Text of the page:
The federal statute most commonly known as Title VII, prohibits employers from discriminating against employees because of their national origin. In other words, an employer cannot take adverse employment actions or allow a hostile work environment to affect an employee because he or she was born in a country other than the United States, or if he or she is descended from people born outside of the United States. If you prove that your employer has violated Title VII, then you are entitled to lost wages, compensatory and punitive damages, and attorneys’ fees. The compensatory and punitive damages are capped at certain amounts depending on the size of the employer.
If you suspect that you have been the victim of national origin discrimination in the work place, please call (470) 823-4000.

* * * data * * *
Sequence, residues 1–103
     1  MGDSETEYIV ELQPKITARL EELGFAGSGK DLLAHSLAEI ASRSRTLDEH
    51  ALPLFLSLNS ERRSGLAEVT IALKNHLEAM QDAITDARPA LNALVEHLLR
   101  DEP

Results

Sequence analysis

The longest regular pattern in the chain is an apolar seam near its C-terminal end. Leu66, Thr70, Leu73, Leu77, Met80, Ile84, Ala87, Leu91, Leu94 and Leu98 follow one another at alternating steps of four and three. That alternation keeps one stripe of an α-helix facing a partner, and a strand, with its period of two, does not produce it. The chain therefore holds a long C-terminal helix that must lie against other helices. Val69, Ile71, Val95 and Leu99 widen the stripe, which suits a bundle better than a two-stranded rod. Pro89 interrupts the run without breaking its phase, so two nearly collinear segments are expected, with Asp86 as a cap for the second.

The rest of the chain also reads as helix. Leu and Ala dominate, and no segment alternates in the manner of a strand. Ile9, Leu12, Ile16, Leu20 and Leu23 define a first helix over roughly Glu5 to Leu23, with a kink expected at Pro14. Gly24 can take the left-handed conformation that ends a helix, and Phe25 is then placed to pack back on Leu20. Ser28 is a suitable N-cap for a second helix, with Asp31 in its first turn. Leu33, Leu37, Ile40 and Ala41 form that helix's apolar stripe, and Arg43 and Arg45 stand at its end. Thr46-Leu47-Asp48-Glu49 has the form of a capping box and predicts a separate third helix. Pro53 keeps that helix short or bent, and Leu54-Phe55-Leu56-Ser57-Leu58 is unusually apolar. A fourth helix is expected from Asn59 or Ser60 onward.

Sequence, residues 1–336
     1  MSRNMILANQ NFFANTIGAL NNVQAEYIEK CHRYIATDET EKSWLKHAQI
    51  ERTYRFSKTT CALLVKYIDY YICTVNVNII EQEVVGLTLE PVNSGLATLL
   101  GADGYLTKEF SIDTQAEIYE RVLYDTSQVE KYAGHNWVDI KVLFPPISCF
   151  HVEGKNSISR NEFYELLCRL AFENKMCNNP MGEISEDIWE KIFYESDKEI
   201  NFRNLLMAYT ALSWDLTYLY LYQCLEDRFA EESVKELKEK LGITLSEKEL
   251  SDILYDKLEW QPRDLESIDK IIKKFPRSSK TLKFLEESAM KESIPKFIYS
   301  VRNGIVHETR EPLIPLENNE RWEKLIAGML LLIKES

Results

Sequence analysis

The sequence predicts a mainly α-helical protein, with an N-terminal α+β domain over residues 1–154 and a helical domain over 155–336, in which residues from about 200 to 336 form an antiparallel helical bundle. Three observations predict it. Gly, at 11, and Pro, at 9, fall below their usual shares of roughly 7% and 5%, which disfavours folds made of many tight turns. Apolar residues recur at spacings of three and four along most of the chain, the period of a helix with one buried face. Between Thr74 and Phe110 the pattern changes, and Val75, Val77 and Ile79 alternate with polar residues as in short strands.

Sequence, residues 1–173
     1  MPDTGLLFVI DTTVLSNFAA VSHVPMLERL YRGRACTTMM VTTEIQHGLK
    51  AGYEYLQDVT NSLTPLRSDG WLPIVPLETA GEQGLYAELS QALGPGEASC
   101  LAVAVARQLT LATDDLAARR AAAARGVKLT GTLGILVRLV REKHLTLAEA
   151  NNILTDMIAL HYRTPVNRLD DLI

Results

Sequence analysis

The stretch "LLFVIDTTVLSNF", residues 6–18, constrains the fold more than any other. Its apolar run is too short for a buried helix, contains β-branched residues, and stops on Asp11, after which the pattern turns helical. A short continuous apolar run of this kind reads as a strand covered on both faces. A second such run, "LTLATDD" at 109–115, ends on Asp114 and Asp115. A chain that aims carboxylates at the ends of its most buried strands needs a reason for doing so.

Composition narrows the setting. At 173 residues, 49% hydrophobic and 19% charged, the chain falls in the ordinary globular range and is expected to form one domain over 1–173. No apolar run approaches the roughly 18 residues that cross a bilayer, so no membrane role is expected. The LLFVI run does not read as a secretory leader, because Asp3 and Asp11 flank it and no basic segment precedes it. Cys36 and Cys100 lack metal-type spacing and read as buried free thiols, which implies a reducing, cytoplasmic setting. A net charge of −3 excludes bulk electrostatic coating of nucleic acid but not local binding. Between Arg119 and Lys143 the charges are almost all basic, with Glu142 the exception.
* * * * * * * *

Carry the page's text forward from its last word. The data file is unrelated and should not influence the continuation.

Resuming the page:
Every federal statute that prohibits discrimination in the workplace has an anti-retaliation provision. As such, it is unlawful for an employee to be retaliated against for opposing perceived discrimination or participating in an EEOC investigation regarding such discrimination. In other words, if you believe you were discriminated against and you complained to your supervisor about such discrimination and then the employer took an adverse employment action against you because of that report, that retaliatory act is unlawful. The same is true for co-workers who report discrimination or otherwise provide information regarding discrimination on behalf of a fellow employee. If you successfully demonstrate that your employer unlawfully retaliated against you, you are entitled to lost wages, compensatory and punitive damages (that may be capped depending on the number of employees), and attorneys’ fees.